We sought to analyze outcomes of women receiving balloon-expandable valves (BEV) or self-expanding valves (SEV) in contemporary transcatheter aortic valve implantation (TAVI). WIN TAVI (Women's INternational Transcatheter Aortic Valve Implantation) is the first all-female TAVI registry to study the safety and performance of TAVI in women. We compared women treated with BEV (n = 408, 46.9%) versus those treated with SEV (n = 461, 53.1%). The primary efficacy end point was the Valve Academic Research Consortium-2 (VARC-2) composite of 1-year all-cause death, stroke, myocardial infarction, hospitalization for valve-related symptoms or heart failure or valve-related dysfunction. Women receiving SEV had higher surgical risk scores, higher rate of previous stroke and pulmonary hypertension whereas women receiving BEV were more frequently denied surgical valve replacement due to frailty. BEV patients were less likely to require post-dilation and had significantly lower rates of residual aortic regurgitation grade ≥2 (9.8% vs 4.7%, p = 0.007). At 1 year, the crude incidence and adjusted risk of the primary VARC-2 efficacy end point was similar between groups (17.1% with SEV and 14.3% with BEV, p = 0.25; hazards ratio 1.09, 95% confidence interval 0.68 to 1.75). Conversely the crude rate and adjusted risk of new pacemaker implantation was higher with SEV than BEV (15% vs 8.6%, p = 0.001; hazards ratio 1.97, 95% confidence interval 1.13 to 3.43). A subanalysis on new generation valves showed no difference in the need for pacemaker implantation between the 2 devices (10.1% vs 8.0%, p = 0.56). In conclusion, in contemporary TAVI, SEV are used more frequently in women with greater co-morbidities. While there were no differences in unadjusted and adjusted risk of 1-year primary efficacy end point between the valve types, there was a greater need for permanent pacemakers after SEV implantation.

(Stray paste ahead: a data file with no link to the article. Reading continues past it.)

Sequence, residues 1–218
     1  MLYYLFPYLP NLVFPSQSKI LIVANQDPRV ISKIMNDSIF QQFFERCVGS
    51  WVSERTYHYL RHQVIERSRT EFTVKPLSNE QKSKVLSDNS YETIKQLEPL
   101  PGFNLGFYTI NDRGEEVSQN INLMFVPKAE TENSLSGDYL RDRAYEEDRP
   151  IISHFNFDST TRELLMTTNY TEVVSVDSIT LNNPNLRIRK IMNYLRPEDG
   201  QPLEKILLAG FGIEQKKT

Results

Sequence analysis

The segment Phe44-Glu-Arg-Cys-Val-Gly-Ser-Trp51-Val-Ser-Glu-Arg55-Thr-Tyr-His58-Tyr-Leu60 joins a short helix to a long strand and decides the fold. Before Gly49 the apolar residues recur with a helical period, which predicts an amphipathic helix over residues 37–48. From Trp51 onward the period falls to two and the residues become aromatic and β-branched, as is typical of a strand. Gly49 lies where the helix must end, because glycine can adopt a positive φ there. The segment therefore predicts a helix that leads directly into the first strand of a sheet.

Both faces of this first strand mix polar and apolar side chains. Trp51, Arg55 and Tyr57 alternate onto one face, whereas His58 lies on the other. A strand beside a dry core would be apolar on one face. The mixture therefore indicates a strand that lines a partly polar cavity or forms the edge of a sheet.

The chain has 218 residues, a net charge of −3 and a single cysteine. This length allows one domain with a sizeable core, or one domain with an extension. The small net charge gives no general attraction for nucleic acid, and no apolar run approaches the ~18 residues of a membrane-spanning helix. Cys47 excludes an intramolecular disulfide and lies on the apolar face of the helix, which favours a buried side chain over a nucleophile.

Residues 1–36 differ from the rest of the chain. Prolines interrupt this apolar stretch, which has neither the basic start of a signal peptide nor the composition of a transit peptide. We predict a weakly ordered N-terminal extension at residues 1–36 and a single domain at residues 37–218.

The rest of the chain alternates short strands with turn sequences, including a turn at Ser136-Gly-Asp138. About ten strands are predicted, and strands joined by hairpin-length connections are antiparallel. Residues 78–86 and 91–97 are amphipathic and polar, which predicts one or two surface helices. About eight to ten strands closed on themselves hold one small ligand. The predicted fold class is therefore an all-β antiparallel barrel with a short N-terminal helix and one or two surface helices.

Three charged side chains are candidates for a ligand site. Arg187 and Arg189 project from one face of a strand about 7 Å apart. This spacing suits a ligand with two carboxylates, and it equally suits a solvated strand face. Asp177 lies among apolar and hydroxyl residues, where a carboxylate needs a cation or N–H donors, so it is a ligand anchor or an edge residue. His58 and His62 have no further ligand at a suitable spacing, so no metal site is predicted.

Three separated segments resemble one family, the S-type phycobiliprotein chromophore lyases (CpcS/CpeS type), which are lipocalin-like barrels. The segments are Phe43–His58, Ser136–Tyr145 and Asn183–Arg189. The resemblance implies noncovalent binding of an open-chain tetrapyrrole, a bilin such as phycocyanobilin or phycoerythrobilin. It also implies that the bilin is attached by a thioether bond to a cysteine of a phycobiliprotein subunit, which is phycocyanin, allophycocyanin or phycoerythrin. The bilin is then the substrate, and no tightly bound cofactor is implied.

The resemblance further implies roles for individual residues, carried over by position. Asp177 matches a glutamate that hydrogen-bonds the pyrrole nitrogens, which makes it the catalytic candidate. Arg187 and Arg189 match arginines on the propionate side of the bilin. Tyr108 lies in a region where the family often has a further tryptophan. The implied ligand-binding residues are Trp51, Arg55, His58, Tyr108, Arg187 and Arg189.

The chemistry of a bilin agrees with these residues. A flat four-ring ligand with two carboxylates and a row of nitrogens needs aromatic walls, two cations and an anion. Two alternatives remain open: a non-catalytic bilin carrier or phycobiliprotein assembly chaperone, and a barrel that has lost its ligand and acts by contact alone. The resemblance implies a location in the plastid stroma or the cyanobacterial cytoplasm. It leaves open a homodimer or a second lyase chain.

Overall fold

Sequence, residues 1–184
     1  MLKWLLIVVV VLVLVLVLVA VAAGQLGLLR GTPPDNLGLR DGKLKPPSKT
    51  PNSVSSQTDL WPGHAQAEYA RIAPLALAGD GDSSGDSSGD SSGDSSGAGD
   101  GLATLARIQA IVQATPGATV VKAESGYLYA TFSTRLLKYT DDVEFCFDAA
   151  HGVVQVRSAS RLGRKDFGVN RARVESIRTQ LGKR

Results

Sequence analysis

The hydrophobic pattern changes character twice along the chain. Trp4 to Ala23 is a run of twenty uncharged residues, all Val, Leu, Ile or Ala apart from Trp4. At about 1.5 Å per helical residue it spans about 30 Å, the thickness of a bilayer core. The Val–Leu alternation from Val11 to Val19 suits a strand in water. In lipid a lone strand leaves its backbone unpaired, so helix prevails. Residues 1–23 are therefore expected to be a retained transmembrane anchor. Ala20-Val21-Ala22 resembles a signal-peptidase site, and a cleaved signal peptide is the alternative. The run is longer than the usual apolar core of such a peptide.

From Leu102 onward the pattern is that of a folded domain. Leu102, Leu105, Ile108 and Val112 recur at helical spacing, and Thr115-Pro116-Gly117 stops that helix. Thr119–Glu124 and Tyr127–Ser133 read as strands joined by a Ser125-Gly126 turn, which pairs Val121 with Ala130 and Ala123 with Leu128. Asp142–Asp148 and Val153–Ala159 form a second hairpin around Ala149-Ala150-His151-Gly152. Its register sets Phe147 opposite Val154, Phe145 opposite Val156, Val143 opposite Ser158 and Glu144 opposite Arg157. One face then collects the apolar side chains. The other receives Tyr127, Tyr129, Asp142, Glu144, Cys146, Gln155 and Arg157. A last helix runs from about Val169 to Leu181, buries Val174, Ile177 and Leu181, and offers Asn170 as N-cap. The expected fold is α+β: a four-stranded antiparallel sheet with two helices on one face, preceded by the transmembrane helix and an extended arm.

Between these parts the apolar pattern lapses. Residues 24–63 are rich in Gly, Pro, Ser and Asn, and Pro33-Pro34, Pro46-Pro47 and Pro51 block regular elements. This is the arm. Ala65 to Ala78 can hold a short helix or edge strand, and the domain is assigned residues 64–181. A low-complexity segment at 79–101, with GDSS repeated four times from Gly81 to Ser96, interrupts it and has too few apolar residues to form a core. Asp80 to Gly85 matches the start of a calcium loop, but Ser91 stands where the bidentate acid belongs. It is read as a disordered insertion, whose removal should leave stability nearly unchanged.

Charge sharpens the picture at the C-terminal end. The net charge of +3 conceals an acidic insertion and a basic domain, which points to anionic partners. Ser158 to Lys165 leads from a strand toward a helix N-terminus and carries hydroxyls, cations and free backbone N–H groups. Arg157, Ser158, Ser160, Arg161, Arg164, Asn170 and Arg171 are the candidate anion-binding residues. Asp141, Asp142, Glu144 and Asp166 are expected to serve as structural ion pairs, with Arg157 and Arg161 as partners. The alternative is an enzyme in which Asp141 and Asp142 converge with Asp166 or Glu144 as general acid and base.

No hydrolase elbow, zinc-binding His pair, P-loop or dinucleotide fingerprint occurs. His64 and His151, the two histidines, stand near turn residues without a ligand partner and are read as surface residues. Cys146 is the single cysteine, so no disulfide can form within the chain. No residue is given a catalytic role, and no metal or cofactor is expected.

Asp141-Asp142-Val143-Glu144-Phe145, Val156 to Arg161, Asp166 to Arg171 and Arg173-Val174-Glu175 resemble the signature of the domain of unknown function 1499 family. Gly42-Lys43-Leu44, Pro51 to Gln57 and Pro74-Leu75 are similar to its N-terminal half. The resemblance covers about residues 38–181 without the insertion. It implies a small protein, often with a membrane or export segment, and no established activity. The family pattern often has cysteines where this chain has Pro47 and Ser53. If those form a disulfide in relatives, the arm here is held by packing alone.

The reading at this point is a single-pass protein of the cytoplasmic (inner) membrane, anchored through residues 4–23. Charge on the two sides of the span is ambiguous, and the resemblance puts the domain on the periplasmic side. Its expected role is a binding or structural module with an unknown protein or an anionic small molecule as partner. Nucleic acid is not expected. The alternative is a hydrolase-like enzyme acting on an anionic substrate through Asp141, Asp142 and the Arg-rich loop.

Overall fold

ASJC Scopus subject areas
- Cardiology and Cardiovascular Medicine